No one wants to deal with liability lawsuits, but as a homeowner, they can happen at any time. Though your homeowners’ and car insurance policies will help cover the cost of the lawsuit and any settlement amounts you have to pay, it’s not always enough to cover the damages. Personal umbrella coverage can help fill in the gaps.
What Is Personal Umbrella Insurance
Personal umbrella insurance is a supplemental insurance policy that’s designed to fill in the gaps left by the liability coverage in your home and auto insurance policies. During a lawsuit, your insurance will only cover your liability fees up to your policy’s coverage limits. If the legal fees or settlement fees exceed that amount, you’ll have to pay the remainder some other way.
With personal umbrella insurance, the supplemental policy will kick in to cover the difference. This means your out-of-pocket expenses will be lower and you’ll be able to keep your savings intact to cover life’s other expenses.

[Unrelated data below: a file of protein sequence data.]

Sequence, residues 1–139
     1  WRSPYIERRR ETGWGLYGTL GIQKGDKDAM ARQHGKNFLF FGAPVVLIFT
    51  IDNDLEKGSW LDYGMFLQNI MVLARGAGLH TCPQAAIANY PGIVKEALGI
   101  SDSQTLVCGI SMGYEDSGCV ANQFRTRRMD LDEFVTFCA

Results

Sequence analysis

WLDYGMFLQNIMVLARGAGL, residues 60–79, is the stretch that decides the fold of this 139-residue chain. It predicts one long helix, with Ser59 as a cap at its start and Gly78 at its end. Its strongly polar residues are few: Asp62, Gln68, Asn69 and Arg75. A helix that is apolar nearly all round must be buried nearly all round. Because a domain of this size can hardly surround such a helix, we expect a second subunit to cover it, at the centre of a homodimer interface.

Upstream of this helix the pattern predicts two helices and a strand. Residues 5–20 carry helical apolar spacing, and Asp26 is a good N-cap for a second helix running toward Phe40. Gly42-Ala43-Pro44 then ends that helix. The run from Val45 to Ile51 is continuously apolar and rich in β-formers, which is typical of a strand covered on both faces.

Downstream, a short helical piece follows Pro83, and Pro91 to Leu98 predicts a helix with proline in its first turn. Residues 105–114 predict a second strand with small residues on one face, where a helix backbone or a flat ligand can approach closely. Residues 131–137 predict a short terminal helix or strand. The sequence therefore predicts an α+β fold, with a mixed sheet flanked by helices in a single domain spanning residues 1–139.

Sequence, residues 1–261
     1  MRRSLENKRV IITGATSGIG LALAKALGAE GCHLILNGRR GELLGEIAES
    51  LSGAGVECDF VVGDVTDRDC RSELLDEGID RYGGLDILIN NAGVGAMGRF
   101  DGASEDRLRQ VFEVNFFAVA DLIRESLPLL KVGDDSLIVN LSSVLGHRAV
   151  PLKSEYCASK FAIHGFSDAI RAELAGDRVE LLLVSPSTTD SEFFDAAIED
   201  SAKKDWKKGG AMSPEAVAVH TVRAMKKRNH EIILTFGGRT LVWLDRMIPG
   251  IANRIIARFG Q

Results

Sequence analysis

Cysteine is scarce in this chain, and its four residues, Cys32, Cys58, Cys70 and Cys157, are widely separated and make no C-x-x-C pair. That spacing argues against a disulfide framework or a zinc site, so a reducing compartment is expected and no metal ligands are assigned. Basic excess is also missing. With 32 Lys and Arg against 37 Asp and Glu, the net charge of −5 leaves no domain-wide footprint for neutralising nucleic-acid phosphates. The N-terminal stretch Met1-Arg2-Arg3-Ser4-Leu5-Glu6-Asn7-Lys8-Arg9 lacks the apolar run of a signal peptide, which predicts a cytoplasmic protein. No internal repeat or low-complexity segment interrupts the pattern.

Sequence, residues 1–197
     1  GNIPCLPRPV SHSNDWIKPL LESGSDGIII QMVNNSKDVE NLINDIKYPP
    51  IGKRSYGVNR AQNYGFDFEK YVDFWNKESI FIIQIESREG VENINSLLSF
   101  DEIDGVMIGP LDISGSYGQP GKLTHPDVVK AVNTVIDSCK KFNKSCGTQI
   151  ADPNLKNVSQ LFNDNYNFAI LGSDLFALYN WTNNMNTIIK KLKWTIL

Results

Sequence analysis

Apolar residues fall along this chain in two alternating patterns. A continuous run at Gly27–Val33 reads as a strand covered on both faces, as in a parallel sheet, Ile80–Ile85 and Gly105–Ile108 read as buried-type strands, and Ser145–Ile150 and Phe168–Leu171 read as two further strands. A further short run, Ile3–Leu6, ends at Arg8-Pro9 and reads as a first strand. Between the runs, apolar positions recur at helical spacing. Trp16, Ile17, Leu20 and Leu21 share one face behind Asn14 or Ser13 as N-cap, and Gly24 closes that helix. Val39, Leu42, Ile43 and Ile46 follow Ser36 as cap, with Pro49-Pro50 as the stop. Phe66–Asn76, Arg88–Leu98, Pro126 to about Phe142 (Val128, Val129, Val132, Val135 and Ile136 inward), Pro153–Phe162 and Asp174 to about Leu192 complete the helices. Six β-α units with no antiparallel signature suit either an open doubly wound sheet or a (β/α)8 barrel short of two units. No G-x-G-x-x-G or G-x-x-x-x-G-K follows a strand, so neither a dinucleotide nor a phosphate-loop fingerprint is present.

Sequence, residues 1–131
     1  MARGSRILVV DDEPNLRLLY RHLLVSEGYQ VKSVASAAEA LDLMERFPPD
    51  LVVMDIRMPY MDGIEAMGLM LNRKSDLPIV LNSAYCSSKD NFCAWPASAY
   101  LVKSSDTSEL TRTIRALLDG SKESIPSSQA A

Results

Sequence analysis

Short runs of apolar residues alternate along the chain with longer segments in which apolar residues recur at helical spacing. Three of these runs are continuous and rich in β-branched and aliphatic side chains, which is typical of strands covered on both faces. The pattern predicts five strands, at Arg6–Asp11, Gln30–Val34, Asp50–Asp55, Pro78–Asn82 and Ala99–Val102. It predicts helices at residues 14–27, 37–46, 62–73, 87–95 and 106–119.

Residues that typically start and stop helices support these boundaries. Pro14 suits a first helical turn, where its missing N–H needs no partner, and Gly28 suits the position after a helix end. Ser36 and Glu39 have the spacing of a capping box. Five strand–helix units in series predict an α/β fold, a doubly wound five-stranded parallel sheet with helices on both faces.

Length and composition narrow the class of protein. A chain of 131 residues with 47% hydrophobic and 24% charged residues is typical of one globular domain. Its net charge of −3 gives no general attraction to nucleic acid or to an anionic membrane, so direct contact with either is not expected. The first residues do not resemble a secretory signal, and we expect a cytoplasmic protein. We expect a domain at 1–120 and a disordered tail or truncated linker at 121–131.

How To Get Coverage
The best place to start looking for personal umbrella insurance is to speak with your insurance agent. Let them know that you’re interested in the policy and ask for their recommendations based on the coverage that your current home or auto insurance policies provide.
Investing in personal umbrella coverage is a simple way to protect your savings for the long term. Look for a policy that complements your existing insurance and fills in the gaps completely.